I did not read a whole lot of historical fiction this year – it was either non-fiction or fiction on different matters. Still, there were a few books that stayed on my mind.
You can find the other posts in the Farewell 2021 series here:
Friedrich Schiller: Wallenstein
I went back to the (German) classics this year. One of them fit in with my reading/gaming of the Thirty Years’ War (non-fiction: Georg Schmidt: Die Reiter der Apokalypse [The Riders of the Apocalypse], board game: Francisco Gradaille’s upcoming Cuius Regio Eius Bellum): The Wallenstein trilogy traces the last months in the life of the greatest commander of the conflict. Reading the play, one wonders, though, what would have made him rise so high – not only is his judgement of character bad (and will get him killed), but he is also the most stolid and indecisive person theater has ever seen. Thus, he is the immovable center around which a whirlwind of activity rages, as all his underlings (be they for or against him) advance their personal and political agendas. This, however, cannot do for Wallenstein: He is compelled to either rise ever higher – or be shattered in his place. A chilling tale.
Colleen McCullough: Caesar’s Women
Volume 4 in the Masters of Rome series, beloved by ancient history enthusiasts (for example, Michal from The Boardgames Chronicle is reading them too!). As with the book above, it features a riser – yet where Wallenstein is unwilling or uncapable to go ever higher, Caesar knows no such limitations. Unlike in previous books, he is not entirely unchecked: His political enemies are now fully committed to stopping him and at least succeed in letting his consulate pass without anything of substance achieved. More importantly, they succeed in getting under his skin, and Caesar shows himself to be haughty and vengeful – the stage for the final conflict of the Roman Republic is set.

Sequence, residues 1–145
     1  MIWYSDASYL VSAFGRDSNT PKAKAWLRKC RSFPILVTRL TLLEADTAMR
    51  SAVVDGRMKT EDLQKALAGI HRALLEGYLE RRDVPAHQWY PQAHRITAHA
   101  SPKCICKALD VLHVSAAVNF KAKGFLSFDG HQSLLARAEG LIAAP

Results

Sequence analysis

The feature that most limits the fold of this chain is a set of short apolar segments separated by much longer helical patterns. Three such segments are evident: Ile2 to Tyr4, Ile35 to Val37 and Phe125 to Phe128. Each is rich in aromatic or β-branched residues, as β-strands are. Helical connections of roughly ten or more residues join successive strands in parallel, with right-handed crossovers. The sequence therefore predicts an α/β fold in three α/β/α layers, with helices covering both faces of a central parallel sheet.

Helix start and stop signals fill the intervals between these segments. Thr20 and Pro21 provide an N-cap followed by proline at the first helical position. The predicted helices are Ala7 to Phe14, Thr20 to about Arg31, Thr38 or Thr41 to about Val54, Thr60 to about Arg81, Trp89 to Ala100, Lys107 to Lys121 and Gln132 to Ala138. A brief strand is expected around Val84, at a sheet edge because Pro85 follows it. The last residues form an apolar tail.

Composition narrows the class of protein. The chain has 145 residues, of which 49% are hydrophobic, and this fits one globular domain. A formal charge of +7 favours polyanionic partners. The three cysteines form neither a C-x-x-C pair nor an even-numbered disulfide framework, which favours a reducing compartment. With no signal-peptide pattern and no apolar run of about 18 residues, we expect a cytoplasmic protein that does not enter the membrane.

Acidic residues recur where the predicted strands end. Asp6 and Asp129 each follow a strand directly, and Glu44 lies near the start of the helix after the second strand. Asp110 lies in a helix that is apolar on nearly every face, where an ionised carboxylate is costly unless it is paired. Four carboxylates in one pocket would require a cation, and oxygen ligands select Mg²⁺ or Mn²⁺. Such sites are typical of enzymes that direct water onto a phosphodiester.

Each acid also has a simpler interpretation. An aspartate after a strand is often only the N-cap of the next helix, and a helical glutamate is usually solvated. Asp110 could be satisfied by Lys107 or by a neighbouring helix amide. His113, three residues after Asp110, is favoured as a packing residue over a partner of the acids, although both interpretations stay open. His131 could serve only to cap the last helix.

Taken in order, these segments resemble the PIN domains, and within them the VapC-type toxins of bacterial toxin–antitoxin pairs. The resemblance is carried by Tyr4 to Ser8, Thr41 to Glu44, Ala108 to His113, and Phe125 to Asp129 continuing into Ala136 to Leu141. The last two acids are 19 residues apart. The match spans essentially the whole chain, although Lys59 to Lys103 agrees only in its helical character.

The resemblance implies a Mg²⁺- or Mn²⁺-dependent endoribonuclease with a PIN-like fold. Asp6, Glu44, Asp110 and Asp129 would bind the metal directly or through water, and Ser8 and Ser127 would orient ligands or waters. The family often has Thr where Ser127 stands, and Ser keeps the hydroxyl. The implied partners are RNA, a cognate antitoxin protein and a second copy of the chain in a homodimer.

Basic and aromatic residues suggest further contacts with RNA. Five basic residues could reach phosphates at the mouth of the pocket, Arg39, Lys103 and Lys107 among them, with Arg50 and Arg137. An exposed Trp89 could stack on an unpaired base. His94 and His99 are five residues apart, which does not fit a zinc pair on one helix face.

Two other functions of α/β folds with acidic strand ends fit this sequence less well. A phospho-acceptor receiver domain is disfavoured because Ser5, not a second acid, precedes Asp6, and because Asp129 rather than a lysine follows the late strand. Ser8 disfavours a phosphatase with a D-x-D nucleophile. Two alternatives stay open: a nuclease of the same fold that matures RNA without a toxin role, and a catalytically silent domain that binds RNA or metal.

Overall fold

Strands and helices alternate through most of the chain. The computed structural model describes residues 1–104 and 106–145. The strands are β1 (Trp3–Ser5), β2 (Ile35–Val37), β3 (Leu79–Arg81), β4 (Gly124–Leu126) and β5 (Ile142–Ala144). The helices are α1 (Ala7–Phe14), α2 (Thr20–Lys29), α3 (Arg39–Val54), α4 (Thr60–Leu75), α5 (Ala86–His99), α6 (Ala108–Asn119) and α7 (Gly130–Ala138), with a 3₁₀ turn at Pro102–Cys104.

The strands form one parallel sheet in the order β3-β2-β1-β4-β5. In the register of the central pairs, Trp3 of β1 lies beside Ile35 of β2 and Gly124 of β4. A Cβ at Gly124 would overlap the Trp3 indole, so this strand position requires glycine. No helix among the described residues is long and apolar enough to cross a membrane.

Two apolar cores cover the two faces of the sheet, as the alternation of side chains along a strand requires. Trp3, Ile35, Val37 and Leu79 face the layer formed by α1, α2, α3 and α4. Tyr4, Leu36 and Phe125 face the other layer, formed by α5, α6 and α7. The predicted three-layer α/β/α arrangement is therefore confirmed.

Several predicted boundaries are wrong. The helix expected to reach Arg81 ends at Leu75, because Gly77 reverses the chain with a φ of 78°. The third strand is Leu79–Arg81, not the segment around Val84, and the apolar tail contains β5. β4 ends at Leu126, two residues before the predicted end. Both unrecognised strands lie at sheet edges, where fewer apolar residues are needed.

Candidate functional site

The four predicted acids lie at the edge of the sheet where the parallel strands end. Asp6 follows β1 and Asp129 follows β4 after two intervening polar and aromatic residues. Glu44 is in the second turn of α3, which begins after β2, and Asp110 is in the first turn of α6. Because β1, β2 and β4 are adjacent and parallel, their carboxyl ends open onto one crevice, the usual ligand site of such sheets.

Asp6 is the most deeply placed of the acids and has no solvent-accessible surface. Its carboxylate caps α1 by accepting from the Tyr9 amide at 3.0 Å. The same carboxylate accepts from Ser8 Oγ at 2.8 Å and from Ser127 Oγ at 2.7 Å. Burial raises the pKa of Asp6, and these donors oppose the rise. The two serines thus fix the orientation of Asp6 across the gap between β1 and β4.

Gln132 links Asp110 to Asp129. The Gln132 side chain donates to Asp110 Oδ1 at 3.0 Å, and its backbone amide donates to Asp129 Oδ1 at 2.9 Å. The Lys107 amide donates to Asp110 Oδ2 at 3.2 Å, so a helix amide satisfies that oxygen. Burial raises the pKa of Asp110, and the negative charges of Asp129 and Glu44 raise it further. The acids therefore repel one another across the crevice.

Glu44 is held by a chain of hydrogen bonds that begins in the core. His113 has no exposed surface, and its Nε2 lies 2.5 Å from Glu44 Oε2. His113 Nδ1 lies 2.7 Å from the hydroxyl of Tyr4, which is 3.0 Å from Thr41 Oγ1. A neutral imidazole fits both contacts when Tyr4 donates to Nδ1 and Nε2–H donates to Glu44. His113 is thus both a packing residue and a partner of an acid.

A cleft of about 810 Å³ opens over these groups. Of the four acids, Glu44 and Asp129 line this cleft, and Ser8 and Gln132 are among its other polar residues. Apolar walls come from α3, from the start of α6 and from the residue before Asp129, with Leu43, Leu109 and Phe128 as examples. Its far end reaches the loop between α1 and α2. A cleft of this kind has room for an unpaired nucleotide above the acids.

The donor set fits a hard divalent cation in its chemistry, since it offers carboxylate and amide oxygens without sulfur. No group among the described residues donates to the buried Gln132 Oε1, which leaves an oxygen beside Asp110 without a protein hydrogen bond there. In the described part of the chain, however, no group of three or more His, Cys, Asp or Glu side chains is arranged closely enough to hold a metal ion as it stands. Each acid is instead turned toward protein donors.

As in the previous instalments of the series, the book reads very much like the Roman source material (but edited for plot and modern accessibility), which always makes me want to consult Appian or Plutarch for this or that – a definite plus!
For my favorite piece of historical fiction, we go back to a previous author…
Friedrich Schiller: Fiesco
And another play by Schiller! This one is set in the 16th century in Genoa (so, Here I Stand (Ed Beach, GMT Games) material): The Doria family rules the city – old Andrea Doria at the helm, but young Gianettino planning to establish himself as ruler. The city’s republicans win over the charismatic nobleman Fiesco as the head of their conspiracy to preempt Gianettino and turn Genoa into a republic again. Yet Verrina, the head of the republicans, has his own plans lest Fiesco become too powerful in the new state…
Fiesco himself is a classical Schiller storm-and-stress hero – all talent, no purpose, and oscillating between political indifference, fascination with republicanism, and will to personal power. Obviously, there are love affairs, dramatic speeches, and, for well over half of the book, the coup, counter-coup, and betrayal to resolve. Very entertaining!
What were your favorite historical fiction reads this year? – Let me know in the comments!